Kirk Acevedo was born in 1971 in Brooklyn, New York. He came to fame as Miquel Alvarez in the long running TV series “Oz”.His films include “Boiler Room” and “The Visit”. TCM overview: Armed with good looks and a palpable intensity, Kirk Acevedo garnered praise on several acclaimed television projects, working with some of the most respected actors and directors in the industry. Acevedo’s breakthrough role came in the form of conflicted gang member Miguel Alvarez, an inmate housed within the walls of the brutal state prison, “Oz” (HBO, 1997-2003). One of the few characters to survive the vaunted series’ entire run, Acevedo was given time off to make a notable appearance in filmmaker Terrence Malick’s WWII drama “The Thin Red Line” (1998), as well as the Steven Spielberg-produced miniseries “Band of Brothers” (HBO, 2001). Life after “Oz” saw Acevedo taking on prime roles on the police procedural spin-off series “Law & Order: Trial by Jury” (NBC, 2005-06), followed by a part on the Irish mob drama “The Black Donnellys” (NBC, 2007), neither of which lasted more than a season. The actor had somewhat better luck with a recurring character on the J.J. Abrams-created sci-fi series “Fringe” (Fox, 2008- ) before jumping ship to co-star on another cop drama, “Prime Suspect” (NBC, 2011- ). Adept at playing men of action, honor and complexity, Acevedo continued to excel in roles on some of the best dramas television had to offer. Born on Nov. 27, 1974 in Brooklyn, NY, Acevedo was raised in the Bronx and attended LaGuardia High School of Performing Arts, then received his BFA from Purchase College, State University of New York, the alma mater of several fellow “Oz” actors including Edie Falco, Robert Clohessy and Seth Gilliam. There he also met up with Shea Wigham, with whom he would found The Rorschach Group, a New York theater company. Guest work on the NYC-filmed dramas “New York Undercover” (Fox, 1994-98) and “Law & Order” (NBC, 1990-2010) marked the actor’s entry into television work. The big screen called soon after, and turns in such independents as “Arresting Gena” (1997) and “Kirk and Kerry” (1997) resulted in a respectable amount of buzz. That same year, Acevedo earned a Drama Desk Award nomination for his intense turn in the revival of Sam Shepard’s edgy “Tooth of Crime,” then began his run on the brutal prison drama, “Oz” (HBO, 1997-2003) as Miguel Alvarez, a young street tough from a long line of incarcerated men whose vanity played a great role in his downfall. Mentally troubled as a result of his imprisonment and the death of his infant son, Alvarez cut his own face, though the long scar on his face detracted only slightly from his good looks. Internal battles within the drug-running Latino prison gang and personal conflicts with the warden (Ernie Hudson) culminated in a prison break for Alvarez, which was ultimately a time-off from the series, during which the actor filmed his part in the 2001 HBO miniseries “Band of Brothers.” Before long, however, his Alvarez was back behind bars again. A deeply disturbed and remarkably compelling character, Alvarez was given life by Acevedo with a consistently courageous and emotionally true performance. Acevedo’s supporting role in Terrence Malick’s lyrical World War II drama “The Thin Red Line” (1998) earned him critical notice and a 1999 Alma Award for Outstanding Supporting Actor. In 2000, Acevedo increases his exposure with several roles, including a small part in the stock market drama “Boiler Room”, a turn in the prison-set feature “The Visit” and a featured supporting role in the Jamie Foxx action vehicle “Bait.” The following year would see Acevedo return to World War II with his work in “Band of Brothers,” a miniseries produced by “Saving Private Ryan” vets Steven Spielberg and Tom Hanks. He also had roles in two restaurant-centered independents. The straight-to-video romantic comedy “In the Weeds” (1999) featured the actor as a psycho chef, while “Dinner Rush” (2001) co-starred Acevedo as the black sheep son whose gambling debts threaten to ruin his restaurant owner father’s plans for expansion. Returning to television, Acevedo made appearances in episodes of “Third Watch” (NBC, 1999-2005), “Law & Order: Special Victims Unit” (NBC, 1999- ) and “24” (Fox, 2001-2010) before reprising his “SVU” character District Attorney Investigator Hector Salazar on the surprisingly short-lived “Law & Order: Trial By Jury” (NBC, 2005-06). After a not-so-prominent role as an anonymous sentry in “The New World” (2005) and an appearance on the hit series “Numbers” (CBS, 2004-2010), Acevedo returned to regular series work with “The Black Donnellys” (NBC, 2007), writer-director Paul Haggis’ look at four Irish brothers (Jonathan Tucker, Thomas Guiry, Billy Lush and Michael Stahl David) rising up the ranks of the mob in NYC’s Hell’s Kitchen. Acevedo played an aspiring rival mobster who is not afraid of putting his own interests above his loyalties. After the early demise of “Black Donnellys,” Acevedo was brought on to the sci-fi adventure series “Fringe” (Fox, 2008- ) as FBI special agent Charlie Francis, second-in-command of the Fringe unit – a covert division dedicated to investigating unexplained mysteries. Although killed at the beginning of season two, Acevedo returned in the third season as an “alternate” version of Det. Francis, living in a parallel world. Sticking with sci-fi material, he later starred as a disgraced scientist trying to prevent the planet Mercury from destroying the world in the made-for-TV disaster flick “Collision Earth” (Syfy, 2011). From his stint on “Fringe,” Acevedo went on to a regular series role as NYPD homicide detective Luisito Calderon on the ratings-challenged police procedural “Prime Suspect” (NBC, 2011- ), a remake of the U.K. series of the same name, starring Maria Bello as a tough-as-nails New York cop. By Bryce Coleman The TCM overview can be accessed also here.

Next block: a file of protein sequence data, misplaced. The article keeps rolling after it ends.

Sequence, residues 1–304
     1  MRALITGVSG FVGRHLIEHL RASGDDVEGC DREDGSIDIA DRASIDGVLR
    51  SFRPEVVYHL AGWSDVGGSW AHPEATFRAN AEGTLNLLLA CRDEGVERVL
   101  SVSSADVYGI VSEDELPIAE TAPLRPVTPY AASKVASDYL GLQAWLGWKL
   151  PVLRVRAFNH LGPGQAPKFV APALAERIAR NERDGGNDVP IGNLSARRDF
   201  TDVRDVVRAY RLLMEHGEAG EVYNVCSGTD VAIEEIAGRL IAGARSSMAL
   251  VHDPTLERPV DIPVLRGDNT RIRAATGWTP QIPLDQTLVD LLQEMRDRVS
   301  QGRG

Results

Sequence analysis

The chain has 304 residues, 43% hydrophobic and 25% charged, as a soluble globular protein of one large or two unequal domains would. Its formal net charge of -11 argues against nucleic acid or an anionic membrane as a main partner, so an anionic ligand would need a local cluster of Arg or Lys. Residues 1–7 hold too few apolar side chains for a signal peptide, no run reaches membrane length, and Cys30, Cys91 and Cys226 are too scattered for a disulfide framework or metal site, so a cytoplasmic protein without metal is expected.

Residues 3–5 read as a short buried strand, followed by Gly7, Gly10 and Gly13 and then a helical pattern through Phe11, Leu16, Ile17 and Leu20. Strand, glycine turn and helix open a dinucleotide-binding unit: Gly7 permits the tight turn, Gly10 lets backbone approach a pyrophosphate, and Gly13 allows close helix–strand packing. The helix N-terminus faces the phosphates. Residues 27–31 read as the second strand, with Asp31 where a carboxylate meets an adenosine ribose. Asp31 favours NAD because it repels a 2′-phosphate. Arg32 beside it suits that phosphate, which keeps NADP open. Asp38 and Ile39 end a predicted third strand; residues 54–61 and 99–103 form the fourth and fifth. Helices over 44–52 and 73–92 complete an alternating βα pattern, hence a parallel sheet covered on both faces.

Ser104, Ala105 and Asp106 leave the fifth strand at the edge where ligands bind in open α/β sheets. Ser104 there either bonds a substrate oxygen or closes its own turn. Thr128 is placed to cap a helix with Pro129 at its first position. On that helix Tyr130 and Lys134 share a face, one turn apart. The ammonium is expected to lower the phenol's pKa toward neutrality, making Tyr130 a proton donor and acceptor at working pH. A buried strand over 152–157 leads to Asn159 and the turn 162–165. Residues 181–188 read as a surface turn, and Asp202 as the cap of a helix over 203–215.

Anyone who knows me are aware that I am a bit of a movie buff. Over the past few years I have been collecting signed photographs of my favourite actors.